Gough Whitlam 1916–2014


Gough Whitlam in 1957

Ladies and gentleman, we may well say “God save the Queen”, because nothing will save the Governor-General!

One one the great progressive Prime Ministers in Australian history. Both my parents, but especially my mum, loved what he did.

At the time, he granted exemptions for military conscription, ended Australian involvement in the Vietnam War, abolished university fees and voted for sanctions against apartheid South Africa. Thanks to his 1970s cabinet, Australia has universal healthcare, recognises Australian Aboriginal land titles, abolished the death penalty, allows for no-fault divorce, has some of the world’s strongest consumer protections, and a managed national parks system.

As Lindsay Tanner so eloquently wrote in 2011:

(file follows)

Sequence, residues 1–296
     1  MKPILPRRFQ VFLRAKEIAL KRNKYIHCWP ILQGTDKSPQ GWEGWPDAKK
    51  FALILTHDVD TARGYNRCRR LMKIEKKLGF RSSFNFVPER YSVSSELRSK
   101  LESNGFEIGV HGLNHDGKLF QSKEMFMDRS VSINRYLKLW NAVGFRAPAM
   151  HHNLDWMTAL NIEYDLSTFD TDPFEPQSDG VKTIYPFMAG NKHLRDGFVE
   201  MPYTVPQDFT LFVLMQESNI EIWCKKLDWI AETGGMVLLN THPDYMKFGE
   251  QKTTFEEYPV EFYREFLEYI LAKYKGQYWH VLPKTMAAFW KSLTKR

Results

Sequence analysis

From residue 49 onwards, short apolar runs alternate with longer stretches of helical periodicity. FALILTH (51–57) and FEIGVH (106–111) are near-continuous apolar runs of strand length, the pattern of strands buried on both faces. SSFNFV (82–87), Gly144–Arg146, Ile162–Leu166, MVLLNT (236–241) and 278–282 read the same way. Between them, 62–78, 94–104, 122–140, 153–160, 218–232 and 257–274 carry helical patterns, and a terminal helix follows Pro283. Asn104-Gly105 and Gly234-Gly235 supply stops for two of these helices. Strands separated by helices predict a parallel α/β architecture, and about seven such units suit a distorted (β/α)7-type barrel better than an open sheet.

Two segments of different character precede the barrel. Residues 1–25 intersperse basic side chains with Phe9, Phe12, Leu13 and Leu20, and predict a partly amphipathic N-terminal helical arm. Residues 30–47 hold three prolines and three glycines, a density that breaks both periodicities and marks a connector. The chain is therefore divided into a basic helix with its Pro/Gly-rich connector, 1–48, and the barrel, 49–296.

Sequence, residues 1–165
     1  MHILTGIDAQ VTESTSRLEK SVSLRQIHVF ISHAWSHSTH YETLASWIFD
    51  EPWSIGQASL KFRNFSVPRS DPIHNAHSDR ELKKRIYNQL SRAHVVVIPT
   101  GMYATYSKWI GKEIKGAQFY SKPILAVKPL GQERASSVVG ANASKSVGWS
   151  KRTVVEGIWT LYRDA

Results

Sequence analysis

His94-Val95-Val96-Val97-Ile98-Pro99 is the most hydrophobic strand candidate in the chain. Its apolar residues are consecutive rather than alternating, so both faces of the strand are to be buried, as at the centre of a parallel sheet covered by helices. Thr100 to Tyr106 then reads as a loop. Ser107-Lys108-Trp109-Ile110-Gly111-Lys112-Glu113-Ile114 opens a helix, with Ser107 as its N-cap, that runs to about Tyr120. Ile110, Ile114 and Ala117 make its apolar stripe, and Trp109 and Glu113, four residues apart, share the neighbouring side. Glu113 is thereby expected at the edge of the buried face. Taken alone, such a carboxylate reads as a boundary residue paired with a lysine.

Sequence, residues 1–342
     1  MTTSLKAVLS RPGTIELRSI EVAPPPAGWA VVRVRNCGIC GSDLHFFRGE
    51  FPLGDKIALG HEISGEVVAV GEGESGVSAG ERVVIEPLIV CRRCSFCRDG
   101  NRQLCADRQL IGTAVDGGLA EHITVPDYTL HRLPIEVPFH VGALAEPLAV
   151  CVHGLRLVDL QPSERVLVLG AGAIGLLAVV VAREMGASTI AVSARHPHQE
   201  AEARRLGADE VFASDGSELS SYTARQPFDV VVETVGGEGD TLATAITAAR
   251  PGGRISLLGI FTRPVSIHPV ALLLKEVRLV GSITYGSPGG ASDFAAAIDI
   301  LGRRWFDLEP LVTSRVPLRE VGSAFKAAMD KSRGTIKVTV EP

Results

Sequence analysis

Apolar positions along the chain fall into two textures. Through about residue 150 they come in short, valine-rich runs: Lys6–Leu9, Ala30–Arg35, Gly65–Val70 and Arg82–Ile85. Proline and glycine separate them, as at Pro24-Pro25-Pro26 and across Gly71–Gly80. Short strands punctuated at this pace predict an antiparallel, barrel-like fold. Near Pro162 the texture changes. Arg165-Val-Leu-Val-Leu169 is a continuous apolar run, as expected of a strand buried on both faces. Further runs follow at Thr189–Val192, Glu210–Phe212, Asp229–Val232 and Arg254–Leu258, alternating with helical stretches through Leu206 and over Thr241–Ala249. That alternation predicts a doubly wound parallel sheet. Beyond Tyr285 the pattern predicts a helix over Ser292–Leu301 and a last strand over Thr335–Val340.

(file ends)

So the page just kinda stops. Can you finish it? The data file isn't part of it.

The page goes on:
Whitlam and his government changed the way we think about ourselves. The curse of sleepy mediocrity and colonial dependency, so mercilessly flayed in 1964 by Donald Horne in The Lucky Country, was cast aside. Outdated social attitudes were brutally confronted. The tribal conservatism of the ’50s that had been slowly eroded by prolonged prosperity was unable to withstand this concerted assault. The Australia in which Indigenous people were seen as subhuman, women were second-class citizens, censorship of artistic work was commonplace, nature was solely for exploitation, electoral laws were rigged and community leaders were rewarded with knighthoods was relegated to the history books.

It’s hard to imagine a modern Australia without Mr Whitlam’s contributions. RIP.

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Ruben Schade is a technical writer and infrastructure architect in Sydney, Australia who refers to himself in the third person. Hi!

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